Premature Evaluation: Vince Staples Big Fish Theory
“We making future music. It’s Afro-futurism. This is my Afro-futurism. There’s no other kind.” That was Vince Staples, talking to LA Weekly, describing his new album Big Fish Theory. And when Staples was on The Daily Show last week, Trevor Noah asked Staples about that quote. Here’s how he responded: “I like saying stuff about black people to white people.” Noah, after busting up laughing: “So that doesn’t mean anything?” Staples, almost incredulous: “Of course not.” And yet that talk about “Afro-futurism” does mean something. It means Vince Staples, of all people, just made an album of dance music.
That LA Weekly story makes a big point of explaining that Staples doesn’t think in terms of genre. But in working closely with Westside Ty and Zak Sekoff, the two producers behind much of Big Fish Theory, he did land on a genre, or at least some version of one. To hear them tell it, Staples started off asking a rhetorical question: “What does a robot sound like?” And here’s Zekoff, a Yale student and SoundCloud dance producer, talking about Staples’ ideas with the sort of clarity that Staples, ever sly, refuses to bring to interviews: “He was talking a lot about techno and Detroit techno and how there’s something to be had in that aesthetic. That there’s a city story to be told, it’s not just about festivals out in the desert somewhere.”
Historically, dance music, like virtually every other kind of music to come out of America in the past century, is black music. Detroit techno — the product of Michigan kids hearing Kraftwerk on late-night radio and, inspired, doing strange and new things with drum machines — went on to kick off a global dance-music revolution, one that now dominates the white-kid festival scene. And through that music, there’s also a persistent strain of Afro-futurism. Afro-futurism, a musical and artistic aesthetic that has to do with escaping and transcending through sci-fi concepts, flows through decades of black American music, through Sun Ra and Parliament-Funkadelic and Afrika Bambaataa and OutKast, and there’s a ton of it in Detroit techno, in groups like Underground Resistance and Drexciya. It’s a universe of imagined worlds, of utopias and Egyptian spaceships and lost civilizations. And merely by invoking that offhandedly in an interview, Staples, whether he’s being serious or not, plugs himself into a whole tradition of longing for something more.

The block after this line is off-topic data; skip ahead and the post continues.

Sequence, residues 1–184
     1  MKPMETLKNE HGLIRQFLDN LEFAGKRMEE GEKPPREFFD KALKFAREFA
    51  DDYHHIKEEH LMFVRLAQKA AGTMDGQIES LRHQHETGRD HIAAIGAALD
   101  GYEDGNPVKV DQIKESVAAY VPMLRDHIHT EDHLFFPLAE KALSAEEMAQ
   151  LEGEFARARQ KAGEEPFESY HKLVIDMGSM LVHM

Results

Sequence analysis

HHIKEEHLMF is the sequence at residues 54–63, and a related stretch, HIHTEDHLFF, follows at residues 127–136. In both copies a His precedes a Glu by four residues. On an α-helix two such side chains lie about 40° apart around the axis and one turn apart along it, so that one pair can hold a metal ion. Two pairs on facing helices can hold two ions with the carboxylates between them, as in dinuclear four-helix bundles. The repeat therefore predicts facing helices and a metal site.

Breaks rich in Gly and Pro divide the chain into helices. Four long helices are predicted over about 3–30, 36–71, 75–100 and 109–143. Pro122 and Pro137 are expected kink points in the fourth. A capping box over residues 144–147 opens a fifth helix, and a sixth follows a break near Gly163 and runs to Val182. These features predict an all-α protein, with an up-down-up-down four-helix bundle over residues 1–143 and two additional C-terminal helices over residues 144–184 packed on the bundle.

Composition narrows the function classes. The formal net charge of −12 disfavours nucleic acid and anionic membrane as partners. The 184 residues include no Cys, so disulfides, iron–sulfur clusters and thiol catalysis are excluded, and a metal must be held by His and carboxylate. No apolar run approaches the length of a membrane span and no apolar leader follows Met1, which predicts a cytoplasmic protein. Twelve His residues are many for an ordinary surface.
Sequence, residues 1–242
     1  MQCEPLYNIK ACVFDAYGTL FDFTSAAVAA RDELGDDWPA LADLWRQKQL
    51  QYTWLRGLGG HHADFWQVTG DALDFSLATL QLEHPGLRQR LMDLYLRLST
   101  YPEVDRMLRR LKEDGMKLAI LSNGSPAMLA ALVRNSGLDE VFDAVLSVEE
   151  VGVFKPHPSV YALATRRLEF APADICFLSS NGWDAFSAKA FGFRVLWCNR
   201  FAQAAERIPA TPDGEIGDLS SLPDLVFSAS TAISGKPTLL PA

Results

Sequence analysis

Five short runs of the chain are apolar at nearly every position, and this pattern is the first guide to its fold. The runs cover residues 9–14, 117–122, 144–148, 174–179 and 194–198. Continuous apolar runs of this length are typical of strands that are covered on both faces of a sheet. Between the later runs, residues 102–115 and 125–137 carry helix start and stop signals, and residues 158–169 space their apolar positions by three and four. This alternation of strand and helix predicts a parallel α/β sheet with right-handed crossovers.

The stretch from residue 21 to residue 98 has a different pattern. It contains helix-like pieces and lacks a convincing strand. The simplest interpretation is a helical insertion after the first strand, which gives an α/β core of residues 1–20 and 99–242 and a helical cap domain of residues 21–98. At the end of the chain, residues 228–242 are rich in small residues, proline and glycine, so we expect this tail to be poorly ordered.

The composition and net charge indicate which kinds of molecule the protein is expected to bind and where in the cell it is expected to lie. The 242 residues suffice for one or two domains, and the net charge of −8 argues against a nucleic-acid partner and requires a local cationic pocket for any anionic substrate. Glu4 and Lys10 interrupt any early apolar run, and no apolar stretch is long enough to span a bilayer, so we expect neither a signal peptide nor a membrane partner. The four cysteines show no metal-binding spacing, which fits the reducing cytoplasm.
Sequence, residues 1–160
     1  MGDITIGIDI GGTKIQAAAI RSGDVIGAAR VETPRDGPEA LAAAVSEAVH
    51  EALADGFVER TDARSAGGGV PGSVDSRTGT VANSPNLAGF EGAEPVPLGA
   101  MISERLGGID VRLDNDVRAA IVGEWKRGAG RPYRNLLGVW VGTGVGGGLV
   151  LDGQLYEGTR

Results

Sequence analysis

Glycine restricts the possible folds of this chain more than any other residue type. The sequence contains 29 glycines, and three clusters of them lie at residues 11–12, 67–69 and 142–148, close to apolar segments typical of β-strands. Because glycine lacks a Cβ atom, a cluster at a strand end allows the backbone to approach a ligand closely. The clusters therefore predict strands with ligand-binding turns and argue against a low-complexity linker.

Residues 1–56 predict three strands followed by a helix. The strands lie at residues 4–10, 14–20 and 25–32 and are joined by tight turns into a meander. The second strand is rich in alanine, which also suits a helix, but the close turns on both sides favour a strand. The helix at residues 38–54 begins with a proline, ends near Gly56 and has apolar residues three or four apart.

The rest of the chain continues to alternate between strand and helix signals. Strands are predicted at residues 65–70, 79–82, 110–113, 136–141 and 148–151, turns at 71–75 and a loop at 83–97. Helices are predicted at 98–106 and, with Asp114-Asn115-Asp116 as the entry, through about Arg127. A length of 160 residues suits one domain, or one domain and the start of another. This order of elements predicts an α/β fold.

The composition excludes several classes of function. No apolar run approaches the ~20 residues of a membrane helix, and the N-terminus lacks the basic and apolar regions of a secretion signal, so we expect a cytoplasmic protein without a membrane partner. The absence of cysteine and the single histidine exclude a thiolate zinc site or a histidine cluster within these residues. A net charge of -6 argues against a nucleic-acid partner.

Staples is one of rap’s most evocative writers, but his sharp, defined aesthetic sensibility has always been just as central to his power. Two years ago, Staples released the landmark double album Summertime ’06. On that album, he spoke of young love and bleak hopelessness, and he did it over ominous, minimal beats from producers like Clams Casino, DJ Dahi, and longtime Staples booster No I.D. All three of those producers are absent from Big Fish Theory, which is a very different record. The new album is much shorter and much less lyric-focused, and it’s built entirely around clean, angular club-music sounds. But through its sharp, cold edges and its hostile flatness and its use of negative space, Big Fish Theory feels like, in its own way, a logical continuation of what Staples was doing on Summertime ’06.
If you wanted to, you could see something cynical and predetermined about Staples’ embrace of dance-music sonics. After all, it’s not like Staples gets a ton of rap-radio play. He exists almost outside of rap conversations, instead finding his audience across the global summer-festival landscape, playing stages in the same tents where DJs dominate. (Danny Brown, a rapper who has nothing in common with Staples beyond his writerly eye and his adventurous sensibility, may have made a similar calculation on recent records.) But it’s not like Staples is rapping over Major Lazer or David Guetta instrumentals. (He’s also not rapping over tracks from, say, a Detroit originator like Kevin Saunderson, as cool as that might be.) Instead, Staples’ collaborators are producers who, like him, are in their early 20s, and who know how to translate Detroit techno’s sonar pings and bass-bloops and neck-snap hand-claps into something that makes sense in the frantic, ADD-addled present day.